Charlotte China High-Speed Rail Light Rail United Kingdom

Charlotte Ridership; HSR in the UK and China

Charlotte‘s year old light rail system, according to the Observer, experienced a slight drop in ridership in November, from 16,470 average weekday trips in October to 15,551. There are several reasonable explanations for this drop – colder whether, a broken economy (including the collapse of the city’s largest employer, Wachovia), and the Thanksgiving vacation. But even the new ridership numbers are far higher than those originally predicted for first year ridership – 9,100 a day.

The south’s second city, then, remains an example for how new LRT projects can be implemented successfully. Charlotte’s focused land use program, which encouraged dense development around the LRT station sites starting ten years before the project’s completion date, ensured a steady ridership. Meanwhile, the city’s 1/2-cent sales tax, whcih was reaffirmed by voters by a huge margin in November 2007, provides a degree of financial security that any city with a strong transit system necessitates. And the city’s efforts to expand the system, which will include an expansion of the existing line to the city’s northeast quadrant, a new commuter line to the north, and a downtown streetcar network, will only reinforce the growth of the system.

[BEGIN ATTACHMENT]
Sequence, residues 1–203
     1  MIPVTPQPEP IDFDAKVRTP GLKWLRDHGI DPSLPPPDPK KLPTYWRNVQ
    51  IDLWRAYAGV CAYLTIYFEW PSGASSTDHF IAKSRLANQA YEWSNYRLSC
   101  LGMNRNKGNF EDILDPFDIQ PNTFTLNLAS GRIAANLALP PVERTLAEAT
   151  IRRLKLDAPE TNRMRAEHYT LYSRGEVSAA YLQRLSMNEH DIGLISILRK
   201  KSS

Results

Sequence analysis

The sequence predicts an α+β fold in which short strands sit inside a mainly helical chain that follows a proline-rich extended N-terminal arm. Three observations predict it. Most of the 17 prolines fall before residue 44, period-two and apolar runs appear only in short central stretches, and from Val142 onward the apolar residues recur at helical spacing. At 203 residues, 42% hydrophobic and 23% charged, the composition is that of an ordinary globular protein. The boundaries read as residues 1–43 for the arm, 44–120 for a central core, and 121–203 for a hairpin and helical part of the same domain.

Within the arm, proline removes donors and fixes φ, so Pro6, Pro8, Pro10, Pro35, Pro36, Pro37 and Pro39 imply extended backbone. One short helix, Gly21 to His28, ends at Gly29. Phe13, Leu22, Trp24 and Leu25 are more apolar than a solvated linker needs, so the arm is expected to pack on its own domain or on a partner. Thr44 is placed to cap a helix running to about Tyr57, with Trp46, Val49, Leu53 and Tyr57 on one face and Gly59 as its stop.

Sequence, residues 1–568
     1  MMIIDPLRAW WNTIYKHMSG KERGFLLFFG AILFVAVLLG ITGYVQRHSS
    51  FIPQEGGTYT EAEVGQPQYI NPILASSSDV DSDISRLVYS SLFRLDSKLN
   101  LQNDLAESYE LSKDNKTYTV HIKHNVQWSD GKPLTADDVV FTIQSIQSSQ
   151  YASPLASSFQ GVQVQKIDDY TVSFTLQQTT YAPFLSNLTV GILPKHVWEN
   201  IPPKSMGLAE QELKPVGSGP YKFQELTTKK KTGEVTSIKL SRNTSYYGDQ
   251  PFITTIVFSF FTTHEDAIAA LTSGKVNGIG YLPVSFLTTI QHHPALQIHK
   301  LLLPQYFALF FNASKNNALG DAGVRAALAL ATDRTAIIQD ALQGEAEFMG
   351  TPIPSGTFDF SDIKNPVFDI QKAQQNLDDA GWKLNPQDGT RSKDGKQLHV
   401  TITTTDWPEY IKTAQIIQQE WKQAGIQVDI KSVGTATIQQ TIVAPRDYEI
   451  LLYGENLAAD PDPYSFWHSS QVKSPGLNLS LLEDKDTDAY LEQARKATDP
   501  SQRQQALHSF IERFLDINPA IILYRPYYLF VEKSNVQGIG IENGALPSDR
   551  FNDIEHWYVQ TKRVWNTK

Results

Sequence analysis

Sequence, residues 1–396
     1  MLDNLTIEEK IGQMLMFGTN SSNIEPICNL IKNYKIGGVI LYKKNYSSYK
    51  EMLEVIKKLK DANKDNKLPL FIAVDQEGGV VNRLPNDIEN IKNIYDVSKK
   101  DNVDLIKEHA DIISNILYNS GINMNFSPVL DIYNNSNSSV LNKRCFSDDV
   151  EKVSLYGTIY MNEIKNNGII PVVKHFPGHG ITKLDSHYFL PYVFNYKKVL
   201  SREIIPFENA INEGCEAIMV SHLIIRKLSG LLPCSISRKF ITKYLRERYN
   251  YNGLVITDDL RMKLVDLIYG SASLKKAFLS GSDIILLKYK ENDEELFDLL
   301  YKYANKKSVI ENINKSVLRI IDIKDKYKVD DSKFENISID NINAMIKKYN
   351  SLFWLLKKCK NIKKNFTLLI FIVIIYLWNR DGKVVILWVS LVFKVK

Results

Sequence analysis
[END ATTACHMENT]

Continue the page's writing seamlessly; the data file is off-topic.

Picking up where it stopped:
But Charlotte also provides a good example for the troubles facing transit systems in today’s economy. Falling tax revenues are making it difficult to continue subsidizing the system, and LRT service may be cut to six trains per peak hour, as compared to eight today. In addition, trains would run at 20-minute intervals on Sunday, compared to 10-minute intervals today. It would be a mistake to implement such service reductions: every cut is a disincentive to use transit. Charlotte’s funding problems, however, underscore the importance of finding more funding for our nation’s transportation networks.

The United Kingdom is looking closer than ever to getting a full-scale north-south high-speed rail network. We reported back in November that Labour, currently in power, had been hesitating to invest in HSR, acting instead in favor of a third runway at Heathrow. But pressure from conservative leaders, especially “shadow” transport minister Theresa Villiers, is taking its tool – in a positive way.

The Economist reports that the engineering firm Arup completed a basic study at the beginning of this year presenting a $6.6-billion new HSR line from London’s St. Pancras (where Eurostar trains from Paris and Brussels currently terminate) to Heathrow Airport. But engineering work on a replacement for the recently renewed West Side Main Line, serving Manchester and Birmingham, has yet to commence.

Yet in January’s issue of Prospect, Andrew Adonis, current transport minister, comes out wholeheartedly in favor of HSR in his country, citing the passage of California’s recent $10-billion bond measure as evidence that Britain must push forward with a system of its own in order to compete.

We’re a little skeptical of his extremely optimistic vision of the U.S.’ progress on this matter (!), but we’re excited to see both sides of the political equation getting together to address this issue.